Co-working took off in the aftermath of the 2008 recession, a by-product of the gig economy. From their earliest days, co-working spaces’ workforces were dominated by women, according to Iris Kavanagh, who helped run Santa Cruz’s NextSpace, one of the first co-working spaces, from 2012 to 2014. “I was in charge of hiring and training our team, and the majority of people that were hired to work out of our spaces were female,” she says. When Deskmag began collecting data, it confirmed that her experience was typical.

1/3 of founders or owners of co-working spaces are women

In 2014, Kavanagh was fired, along with the rest of the NextSpace leadership team. “We were removed by the lead investor and chairman of the board,” she says. Three years later, she co-founded Women Who Cowork, an organization made up of 800 women who run co-working spaces around the world. The group also includes 107 co-working spaces as members, about a third of which are female-focused. But she notes that, according to Deskmag, while women represent a third of the founders or owners of all co-working spaces, they make up more than two-thirds of the people who work for them. “We see co-working as propelling women into positions of leadership within their communities,” she says. “If we can close the gender gap on funding for these women-owned spaces, we believe co-working has the opportunity to achieve gender parity.”

Women working at The Wing in San FranciscoThe Wing’s San Francisco location (Photo courtesy of The Wing)

The re-emergence of women-focused spaces is the result of both economic and social forces, including the explosion of the gig economy and the aftermath of the Me Too movement, which Blair says has shed a harsh new light on the coed workplace. Some founders of female-focused co-working spaces were motivated out of a sense of empowering their fellow women workers, and of creating an alternative to a male-dominated business culture. From 2015 to 2017, Emily Rose Antflick ran a space in Toronto called Shecosystem. She envisioned a workplace that made room for the whole self. “There’s that image of the entrepreneur who’s all hustle and doesn’t take care of themselves,” she says. “I really wanted to shift to something where self-care and wellness were a part of the workday.” Shecosystem was small—just 1,700 square feet, with about 100 members at its peak—and only opened during business hours, with no 24-7 access. It also housed a studio space, and each day began and ended with an optional “circle,” where members could gather on cushions on the floor and do breathing exercises or meditation.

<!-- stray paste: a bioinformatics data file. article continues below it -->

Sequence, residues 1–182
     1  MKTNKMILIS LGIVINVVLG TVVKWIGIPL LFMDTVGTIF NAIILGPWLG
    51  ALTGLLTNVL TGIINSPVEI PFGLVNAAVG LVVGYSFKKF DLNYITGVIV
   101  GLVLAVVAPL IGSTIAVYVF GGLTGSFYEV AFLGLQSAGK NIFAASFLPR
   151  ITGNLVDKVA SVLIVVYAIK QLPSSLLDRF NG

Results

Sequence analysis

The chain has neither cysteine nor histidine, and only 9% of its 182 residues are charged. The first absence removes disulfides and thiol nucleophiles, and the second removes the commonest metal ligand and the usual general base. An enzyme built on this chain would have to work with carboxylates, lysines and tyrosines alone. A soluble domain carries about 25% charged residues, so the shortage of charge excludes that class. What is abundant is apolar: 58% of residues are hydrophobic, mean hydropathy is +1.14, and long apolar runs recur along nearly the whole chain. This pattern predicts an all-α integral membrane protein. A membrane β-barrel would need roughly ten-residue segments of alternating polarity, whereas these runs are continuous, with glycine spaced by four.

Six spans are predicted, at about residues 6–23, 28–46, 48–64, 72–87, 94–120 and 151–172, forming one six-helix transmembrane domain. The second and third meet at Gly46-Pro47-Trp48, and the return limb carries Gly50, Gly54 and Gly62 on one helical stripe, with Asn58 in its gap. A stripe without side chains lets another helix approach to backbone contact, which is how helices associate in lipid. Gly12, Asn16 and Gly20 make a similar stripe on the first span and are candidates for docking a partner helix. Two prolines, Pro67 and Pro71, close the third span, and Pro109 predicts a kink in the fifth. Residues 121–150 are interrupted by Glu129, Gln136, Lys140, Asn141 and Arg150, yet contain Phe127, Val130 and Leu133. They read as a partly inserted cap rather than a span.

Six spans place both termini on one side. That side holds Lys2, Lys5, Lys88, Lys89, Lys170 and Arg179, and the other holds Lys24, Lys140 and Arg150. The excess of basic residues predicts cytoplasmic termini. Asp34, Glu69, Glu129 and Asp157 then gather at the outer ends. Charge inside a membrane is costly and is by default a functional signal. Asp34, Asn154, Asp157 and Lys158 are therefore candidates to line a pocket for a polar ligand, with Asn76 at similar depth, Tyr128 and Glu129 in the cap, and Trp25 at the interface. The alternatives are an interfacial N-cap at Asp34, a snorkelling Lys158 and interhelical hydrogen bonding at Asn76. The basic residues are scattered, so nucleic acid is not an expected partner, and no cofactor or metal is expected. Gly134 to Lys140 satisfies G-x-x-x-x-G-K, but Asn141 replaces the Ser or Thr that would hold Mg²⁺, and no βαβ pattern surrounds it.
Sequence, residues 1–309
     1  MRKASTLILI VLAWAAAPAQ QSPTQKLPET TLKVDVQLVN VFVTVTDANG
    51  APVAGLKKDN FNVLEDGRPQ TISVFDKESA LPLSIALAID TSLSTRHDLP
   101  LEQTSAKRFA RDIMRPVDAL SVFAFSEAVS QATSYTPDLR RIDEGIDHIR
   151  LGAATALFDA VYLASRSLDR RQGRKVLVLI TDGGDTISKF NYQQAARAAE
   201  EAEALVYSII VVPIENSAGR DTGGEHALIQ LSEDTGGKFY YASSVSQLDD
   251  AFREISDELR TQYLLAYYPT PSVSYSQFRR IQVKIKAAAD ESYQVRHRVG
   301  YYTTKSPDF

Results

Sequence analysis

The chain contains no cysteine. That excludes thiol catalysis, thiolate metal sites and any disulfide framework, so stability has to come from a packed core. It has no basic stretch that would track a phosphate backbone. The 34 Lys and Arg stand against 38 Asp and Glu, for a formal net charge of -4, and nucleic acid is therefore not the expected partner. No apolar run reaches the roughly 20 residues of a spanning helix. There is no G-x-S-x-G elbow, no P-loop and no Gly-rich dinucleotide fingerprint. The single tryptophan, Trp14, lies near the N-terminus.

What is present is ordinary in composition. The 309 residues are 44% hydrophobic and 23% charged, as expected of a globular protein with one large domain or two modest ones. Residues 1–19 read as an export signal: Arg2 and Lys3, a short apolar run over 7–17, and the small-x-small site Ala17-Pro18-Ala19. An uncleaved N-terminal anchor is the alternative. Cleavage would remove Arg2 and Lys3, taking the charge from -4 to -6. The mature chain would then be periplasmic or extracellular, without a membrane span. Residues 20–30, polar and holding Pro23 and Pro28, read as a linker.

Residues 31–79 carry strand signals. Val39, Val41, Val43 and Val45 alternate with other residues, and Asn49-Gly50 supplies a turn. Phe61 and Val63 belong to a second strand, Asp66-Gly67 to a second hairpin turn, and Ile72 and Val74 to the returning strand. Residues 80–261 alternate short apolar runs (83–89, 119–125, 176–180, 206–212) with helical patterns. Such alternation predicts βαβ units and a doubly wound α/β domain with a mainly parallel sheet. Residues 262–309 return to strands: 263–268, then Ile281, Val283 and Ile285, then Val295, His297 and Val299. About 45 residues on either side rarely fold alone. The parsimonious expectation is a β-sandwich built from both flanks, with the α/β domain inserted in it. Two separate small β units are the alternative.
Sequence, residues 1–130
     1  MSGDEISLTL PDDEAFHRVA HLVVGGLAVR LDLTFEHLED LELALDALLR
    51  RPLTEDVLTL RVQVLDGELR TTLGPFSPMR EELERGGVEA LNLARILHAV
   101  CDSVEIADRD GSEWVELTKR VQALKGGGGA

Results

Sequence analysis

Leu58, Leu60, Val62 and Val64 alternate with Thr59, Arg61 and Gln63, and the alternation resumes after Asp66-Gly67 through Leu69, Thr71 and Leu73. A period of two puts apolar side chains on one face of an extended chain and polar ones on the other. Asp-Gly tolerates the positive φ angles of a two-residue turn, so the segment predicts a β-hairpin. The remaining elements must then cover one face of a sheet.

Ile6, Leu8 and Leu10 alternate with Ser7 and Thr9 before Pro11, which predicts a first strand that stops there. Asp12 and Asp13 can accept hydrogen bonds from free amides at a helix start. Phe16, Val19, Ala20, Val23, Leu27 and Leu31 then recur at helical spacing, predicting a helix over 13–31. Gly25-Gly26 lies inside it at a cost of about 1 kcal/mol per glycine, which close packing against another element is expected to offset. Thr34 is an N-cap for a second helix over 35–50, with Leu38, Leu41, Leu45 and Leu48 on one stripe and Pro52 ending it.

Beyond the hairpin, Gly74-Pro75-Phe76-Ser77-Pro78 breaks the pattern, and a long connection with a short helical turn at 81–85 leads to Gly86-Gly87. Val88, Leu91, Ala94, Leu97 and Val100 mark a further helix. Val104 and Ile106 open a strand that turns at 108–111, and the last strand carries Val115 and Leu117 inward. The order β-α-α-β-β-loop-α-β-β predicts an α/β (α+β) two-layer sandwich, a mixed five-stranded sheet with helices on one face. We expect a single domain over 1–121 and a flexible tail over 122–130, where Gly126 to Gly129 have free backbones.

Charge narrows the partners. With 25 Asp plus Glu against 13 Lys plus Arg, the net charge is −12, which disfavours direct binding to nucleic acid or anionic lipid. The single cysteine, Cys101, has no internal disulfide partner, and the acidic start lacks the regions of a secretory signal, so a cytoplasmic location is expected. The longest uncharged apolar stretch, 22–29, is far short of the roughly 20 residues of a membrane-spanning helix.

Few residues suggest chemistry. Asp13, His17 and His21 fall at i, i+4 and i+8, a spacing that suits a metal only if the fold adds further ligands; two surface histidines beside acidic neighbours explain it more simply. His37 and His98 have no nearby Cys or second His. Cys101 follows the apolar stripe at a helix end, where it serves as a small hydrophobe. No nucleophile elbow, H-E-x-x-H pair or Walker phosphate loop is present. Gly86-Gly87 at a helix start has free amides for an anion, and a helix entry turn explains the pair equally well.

When Antflick’s landlord wanted to raise the rent after her two-year lease was up, she opted to close Shecosystem. It just wasn’t making enough money. She realized that for her business model to work, she needed to rent out private offices, which felt antithetical to the spirit of her enterprise.

Still, Antflick was onto something. Many women in business are attracted to the idea of a non-traditional workplace; as Spreitzer points out, “some of the larger co-working spaces have a reputation of a ‘bro’ culture, where maybe women wouldn’t feel comfortable being there after hours.” A lot of those women also run companies that are marketed to women, which makes a good business case for joining a female-focused space—it offers the chance to network with your target demographic. Zamparo’s Wellth Company, for example, provides financial services to women who run small businesses.